Office of Personnel Management Acting Director Michael J. Rigas, issued direction July 31 for the “Implementation of E.O. 13932; Determining Qualifications and the Use of Assessment Tools When Filling Positions.”
On June 26, 2020, Executive Order (EO) 13932 - Modernizing and Reforming the Assessment and Hiring of Federal Job Candidates, was issued, directing important, merit-based reforms to expand the use of valid, competency-based assessments and narrow the use of educational qualifications in the Federal hiring process. The intent is to allow for skills- and competency-based hiring across the Federal government via assessments that carefully measure candidates’ ability to perform the job.
In accordance with 5 USC 3308, the U.S. Office of Personnel Management (OPM) or other examining agency may not prescribe a minimum educational requirement for an examination for the competitive service except when it is determined that the duties of a scientific, technical, or professional position cannot be performed by an individual who does not have a prescribed minimum education.” EO 13932 clarifies the rare circumstances when a position cannot be performed absent a minimum level of education and, where it is appropriate to establish a minimum education requirement for examination for the competitive service.
EO 13932 is aligned with the federal workforce-related priorities enumerated in the President’s Management Agenda (PMA), issued by OMB in 2018 to establish a long-term vision for modernizing the Federal government and improving its ability to deliver mission outcomes, provide excellent service, and effectively steward taxpayer dollars on behalf of the American people. The PMA includes a Cross Agency Priority (CAP) goal Developing a Workforce for the 21st Century that highlights the importance of simple and strategic agency hiring.
In addition, on September 13, 2019, OPM issued a memorandum titled, “Improving Federal Hiring using Effective Assessment Strategies to Advance Mission Outcomes,” an agency guidance memorandum defining minimum qualifications, describing how agencies can determine the best assessment methods, and how they can involve subject matter experts in the hiring process.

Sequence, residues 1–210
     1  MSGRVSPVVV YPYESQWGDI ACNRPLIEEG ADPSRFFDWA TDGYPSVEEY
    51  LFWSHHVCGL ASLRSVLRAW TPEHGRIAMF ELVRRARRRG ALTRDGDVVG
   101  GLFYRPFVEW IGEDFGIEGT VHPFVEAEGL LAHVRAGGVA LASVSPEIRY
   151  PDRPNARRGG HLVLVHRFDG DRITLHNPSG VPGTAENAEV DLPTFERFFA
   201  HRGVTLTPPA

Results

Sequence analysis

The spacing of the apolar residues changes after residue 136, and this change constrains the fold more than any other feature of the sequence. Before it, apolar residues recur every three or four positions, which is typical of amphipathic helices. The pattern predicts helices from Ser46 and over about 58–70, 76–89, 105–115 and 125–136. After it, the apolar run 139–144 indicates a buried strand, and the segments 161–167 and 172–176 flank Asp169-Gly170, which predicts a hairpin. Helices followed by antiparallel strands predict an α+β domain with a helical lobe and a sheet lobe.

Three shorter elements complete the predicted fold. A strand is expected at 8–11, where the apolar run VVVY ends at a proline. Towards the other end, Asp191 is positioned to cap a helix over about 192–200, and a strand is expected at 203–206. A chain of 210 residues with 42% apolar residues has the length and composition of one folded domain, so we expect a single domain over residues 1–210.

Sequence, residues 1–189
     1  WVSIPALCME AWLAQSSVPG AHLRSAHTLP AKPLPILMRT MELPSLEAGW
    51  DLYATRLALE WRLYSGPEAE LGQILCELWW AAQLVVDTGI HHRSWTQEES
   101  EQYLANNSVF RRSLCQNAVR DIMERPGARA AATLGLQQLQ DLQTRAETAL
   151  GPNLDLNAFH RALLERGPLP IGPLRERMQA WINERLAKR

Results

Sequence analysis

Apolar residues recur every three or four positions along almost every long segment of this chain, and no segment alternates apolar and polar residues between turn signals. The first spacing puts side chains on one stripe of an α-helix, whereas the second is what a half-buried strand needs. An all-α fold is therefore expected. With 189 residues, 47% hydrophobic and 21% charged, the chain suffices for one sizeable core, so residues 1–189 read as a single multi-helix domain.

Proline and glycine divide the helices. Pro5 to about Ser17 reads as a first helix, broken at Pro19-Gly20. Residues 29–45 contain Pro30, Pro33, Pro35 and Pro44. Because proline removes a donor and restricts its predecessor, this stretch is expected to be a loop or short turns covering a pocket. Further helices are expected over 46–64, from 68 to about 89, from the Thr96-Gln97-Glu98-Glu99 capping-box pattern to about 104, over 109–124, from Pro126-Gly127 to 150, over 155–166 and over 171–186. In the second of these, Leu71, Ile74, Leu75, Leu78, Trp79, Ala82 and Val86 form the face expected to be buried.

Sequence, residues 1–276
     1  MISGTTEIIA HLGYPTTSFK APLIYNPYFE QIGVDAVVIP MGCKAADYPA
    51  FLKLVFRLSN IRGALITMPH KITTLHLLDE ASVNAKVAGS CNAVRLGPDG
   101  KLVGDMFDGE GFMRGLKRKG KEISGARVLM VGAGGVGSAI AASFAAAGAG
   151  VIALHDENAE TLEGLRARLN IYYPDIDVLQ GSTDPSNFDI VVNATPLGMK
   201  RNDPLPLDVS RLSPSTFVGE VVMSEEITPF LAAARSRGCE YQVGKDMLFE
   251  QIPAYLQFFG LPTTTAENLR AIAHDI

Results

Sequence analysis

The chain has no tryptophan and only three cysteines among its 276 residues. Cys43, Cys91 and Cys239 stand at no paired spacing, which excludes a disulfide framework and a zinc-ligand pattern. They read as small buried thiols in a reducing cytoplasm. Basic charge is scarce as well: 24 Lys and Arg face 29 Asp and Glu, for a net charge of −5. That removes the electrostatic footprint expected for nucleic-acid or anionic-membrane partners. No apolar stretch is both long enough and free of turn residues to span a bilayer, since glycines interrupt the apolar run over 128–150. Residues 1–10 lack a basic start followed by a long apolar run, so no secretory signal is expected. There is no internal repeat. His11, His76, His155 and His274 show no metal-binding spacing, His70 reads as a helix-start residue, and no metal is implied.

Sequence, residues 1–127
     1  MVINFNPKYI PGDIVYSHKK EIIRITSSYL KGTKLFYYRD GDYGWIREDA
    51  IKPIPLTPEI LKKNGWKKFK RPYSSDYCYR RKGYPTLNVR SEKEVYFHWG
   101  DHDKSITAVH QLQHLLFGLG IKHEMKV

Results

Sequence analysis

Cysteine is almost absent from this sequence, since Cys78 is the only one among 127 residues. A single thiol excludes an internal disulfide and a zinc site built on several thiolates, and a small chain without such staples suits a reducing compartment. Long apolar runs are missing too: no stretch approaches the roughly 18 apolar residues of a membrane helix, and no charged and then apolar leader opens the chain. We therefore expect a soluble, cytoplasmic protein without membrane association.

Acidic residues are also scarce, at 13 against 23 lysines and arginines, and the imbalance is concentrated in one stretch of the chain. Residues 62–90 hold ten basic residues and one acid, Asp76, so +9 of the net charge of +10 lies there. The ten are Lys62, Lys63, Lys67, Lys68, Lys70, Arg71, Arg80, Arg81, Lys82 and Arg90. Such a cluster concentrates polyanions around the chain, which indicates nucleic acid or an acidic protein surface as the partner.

Currently, many qualification standards permit applicants to qualify based on education/training, experience, or a combination of the two. Federal agencies analyze work and apply OPM qualifications standards to determine the education, training, experience and/or other requirements (e.g., licensure) that an applicant must possess in order to be considered for a position or occupation (5 USC 5112, 5 USC 5105, USC 5102 (5)(b)). At present, most agencies use federal résumés and an occupational questionnaire to screen applicants for minimum qualifications. A “deeper dive” needs to be taken to address the actual competencies needed to perform work successfully, according to the guidance.
The aim of the change is to level the playing field in federal hiring to give those who do not have a degree an opportunity to use their proven skills as a substitute in qualifying for a federal position.
While a college degree will remain a requirement for certain positions, the implementation is expected to contribute to a more diverse workforce and fairer hiring process.
OPM is proposing it will begin processes to change the General Schedule qualifications later this month. By Dec. 24, OPM plans to release an updated manual for federal hiring. See Figure 1 for the proposed timeline of events critical to the implementation of E.O. 13932.
Any questions about the guidance and requirements outlined above should be directed to April.Davis@opm.gov or email Fedclass@opm.gov. If there are any questions about the strategies detailed above, please contact Kimberly Holden at Kimberly.Holden@opm.gov .